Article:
Guest Post: 50 Shades of Rain
by Abigail Drake
In Japan there are over fifty words to describe rain. Yesterday, as I sat at my desk looking outside and watching the rain fall, I remembered rainy season in Japan, and the way the rain would fall straight down to the ground in endless, relentless, heavy streams.
There is a word for that. Ooame. That means “heavy or big rain.” But it wouldn’t have been fuu because that is the kind of rain that combines with wind and blows around. Yesterday there was no wind at all, and the curtains of rain reminded me so much of the rainy season that I could almost feel the way it used to splash around my feet as I ran for the train, or the way it sounded on the big umbrella that was my constant companion for the month of June every year I lived in Japan.
It rains a great deal in Japan, which could explain the need for so many words. Japanese people are also excessively fond of talking about the weather, and there is a lot to talk about. The heat (atsui!), the humidity (mushiatsui!), and the cold (samui!), and those exclamation points are absolutely necessary. When it was hot in Japan, it was scorching. When it was humid in Japan, it was like breathing in liquid air. And when it was cold, due to the lack of central heating in the first apartment I lived in, it was pretty darned frigid.
But that isn’t all there is to it. The Japanese are masters of the onomatopoeia. When I say, “It is raining fuu fuu,” I can almost hear the wind blowing and the rain crashing against my window. For a language that can be amazingly vague (Subjects and direct objects? Please. Who needs ‘em?), it is also astoundingly descriptive. They bring the term le mot juste to a completely different level. Finding that perfect word isn’t just an endeavor to them, it is an art form.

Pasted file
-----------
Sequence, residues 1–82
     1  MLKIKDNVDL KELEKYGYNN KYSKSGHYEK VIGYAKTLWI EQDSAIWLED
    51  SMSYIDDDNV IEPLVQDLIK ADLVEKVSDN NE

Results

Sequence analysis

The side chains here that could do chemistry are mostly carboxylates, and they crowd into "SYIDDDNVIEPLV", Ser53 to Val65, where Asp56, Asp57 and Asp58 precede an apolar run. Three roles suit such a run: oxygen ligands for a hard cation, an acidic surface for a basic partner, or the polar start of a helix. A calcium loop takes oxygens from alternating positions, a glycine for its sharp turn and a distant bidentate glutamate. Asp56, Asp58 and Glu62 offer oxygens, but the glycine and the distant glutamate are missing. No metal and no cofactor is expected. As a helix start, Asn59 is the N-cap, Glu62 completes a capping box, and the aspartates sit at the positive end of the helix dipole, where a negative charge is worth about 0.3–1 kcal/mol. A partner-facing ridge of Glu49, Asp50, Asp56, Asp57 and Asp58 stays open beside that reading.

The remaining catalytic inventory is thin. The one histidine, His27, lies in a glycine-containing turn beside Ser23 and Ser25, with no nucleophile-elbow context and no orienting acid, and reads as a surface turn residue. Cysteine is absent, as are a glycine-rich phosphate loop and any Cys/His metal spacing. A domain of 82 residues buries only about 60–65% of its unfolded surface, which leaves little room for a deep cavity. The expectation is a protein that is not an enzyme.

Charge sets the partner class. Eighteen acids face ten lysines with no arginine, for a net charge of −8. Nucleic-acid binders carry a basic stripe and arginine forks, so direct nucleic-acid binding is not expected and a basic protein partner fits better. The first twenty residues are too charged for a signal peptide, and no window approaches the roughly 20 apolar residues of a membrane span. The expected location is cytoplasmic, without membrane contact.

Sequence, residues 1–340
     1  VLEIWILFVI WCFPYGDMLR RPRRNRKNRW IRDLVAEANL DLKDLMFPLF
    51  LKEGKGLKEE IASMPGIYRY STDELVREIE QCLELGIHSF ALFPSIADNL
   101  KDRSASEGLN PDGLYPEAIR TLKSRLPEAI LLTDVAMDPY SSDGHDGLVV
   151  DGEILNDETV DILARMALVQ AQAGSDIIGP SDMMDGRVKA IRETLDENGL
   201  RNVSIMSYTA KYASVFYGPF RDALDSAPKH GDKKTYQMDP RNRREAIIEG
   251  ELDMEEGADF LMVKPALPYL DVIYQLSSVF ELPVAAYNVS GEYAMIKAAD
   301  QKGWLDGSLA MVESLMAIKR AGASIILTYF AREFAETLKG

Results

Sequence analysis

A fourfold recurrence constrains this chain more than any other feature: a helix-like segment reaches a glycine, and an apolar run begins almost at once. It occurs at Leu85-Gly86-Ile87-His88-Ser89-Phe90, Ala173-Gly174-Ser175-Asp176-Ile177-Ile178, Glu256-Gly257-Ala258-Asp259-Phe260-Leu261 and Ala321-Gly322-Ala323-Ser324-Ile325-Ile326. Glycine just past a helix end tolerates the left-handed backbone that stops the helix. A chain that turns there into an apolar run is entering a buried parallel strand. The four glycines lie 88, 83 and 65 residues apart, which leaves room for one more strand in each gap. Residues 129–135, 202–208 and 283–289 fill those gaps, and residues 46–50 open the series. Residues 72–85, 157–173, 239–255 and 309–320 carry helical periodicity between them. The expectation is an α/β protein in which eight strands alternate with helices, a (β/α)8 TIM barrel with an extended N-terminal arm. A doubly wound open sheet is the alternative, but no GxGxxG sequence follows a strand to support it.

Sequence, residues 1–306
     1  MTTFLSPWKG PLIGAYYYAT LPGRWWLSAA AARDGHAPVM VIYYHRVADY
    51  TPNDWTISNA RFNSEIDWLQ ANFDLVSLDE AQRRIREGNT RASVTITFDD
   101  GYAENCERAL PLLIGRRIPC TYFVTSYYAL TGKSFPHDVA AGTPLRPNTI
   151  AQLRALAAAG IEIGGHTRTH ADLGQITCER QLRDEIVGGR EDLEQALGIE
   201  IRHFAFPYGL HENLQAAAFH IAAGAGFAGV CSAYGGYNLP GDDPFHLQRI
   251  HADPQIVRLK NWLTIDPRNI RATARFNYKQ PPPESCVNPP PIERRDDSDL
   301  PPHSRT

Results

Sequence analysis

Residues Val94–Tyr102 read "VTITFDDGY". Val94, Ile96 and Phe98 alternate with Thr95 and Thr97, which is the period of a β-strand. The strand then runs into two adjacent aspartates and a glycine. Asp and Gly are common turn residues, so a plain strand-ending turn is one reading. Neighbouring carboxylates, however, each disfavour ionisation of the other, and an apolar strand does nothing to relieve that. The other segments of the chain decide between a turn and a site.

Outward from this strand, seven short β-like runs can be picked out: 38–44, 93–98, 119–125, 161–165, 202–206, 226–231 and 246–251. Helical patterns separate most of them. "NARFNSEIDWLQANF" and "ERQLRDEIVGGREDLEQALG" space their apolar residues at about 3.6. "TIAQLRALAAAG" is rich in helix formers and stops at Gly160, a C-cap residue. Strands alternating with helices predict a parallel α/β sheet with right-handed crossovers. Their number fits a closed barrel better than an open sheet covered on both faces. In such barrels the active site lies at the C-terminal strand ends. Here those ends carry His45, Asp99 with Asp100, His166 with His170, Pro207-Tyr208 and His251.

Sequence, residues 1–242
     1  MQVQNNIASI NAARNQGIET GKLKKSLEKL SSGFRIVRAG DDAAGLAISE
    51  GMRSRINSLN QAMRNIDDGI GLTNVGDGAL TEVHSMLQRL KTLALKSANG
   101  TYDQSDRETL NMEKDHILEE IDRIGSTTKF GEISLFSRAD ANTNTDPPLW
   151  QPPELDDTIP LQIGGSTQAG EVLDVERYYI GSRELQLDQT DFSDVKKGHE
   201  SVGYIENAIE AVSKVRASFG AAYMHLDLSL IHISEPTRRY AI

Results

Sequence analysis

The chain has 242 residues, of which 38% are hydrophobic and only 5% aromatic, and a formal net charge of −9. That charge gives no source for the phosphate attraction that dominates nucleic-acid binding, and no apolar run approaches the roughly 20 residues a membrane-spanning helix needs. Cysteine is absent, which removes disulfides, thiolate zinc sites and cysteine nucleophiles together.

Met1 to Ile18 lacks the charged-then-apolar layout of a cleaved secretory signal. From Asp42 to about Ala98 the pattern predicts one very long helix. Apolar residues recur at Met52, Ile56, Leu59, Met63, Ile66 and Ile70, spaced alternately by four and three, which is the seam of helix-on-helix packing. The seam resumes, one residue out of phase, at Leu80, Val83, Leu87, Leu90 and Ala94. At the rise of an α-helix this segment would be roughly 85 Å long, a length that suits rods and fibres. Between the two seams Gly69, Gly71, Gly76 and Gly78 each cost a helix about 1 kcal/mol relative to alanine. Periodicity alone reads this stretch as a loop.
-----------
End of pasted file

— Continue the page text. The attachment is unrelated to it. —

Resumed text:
We should carry this into our own writing. Why use tired when you can use exhausted, broken-down, narcoleptic, done for, spent, drained, tuckered out, drooping, dead on one’s feet, played out, drowsy, or pooped? Tired might work, but why settle? Add layers and subtle beauty to your writing by searching for the word that isn’t just good. Look for the word that is stupendous, marvelous, and superb.
And the next time it is raining, look outside and find a way to describe it to yourself. Is it a chilly rain, or a driving rain, or merely a drizzle? We might not have fifty words for rain in English, but there are infinite possibilities for how you can describe it.
Passports and Promises
Genre: New Adult Romance
Publisher: Pennrose Press
Date of Publication: September 10, 2016
Number of Pages: 171
Word Count: 53K
Cover Artist: Najla Qamber
Book Description Part One:
Samantha Barnes always dreamed of seeing the world, and only has a few months left before she starts a semester abroad in Japan. Enough time to say goodbye to her friends, polish up her language skills, and maybe even squeeze in a quick fling with handsome fraternity boy Dylan Hunter.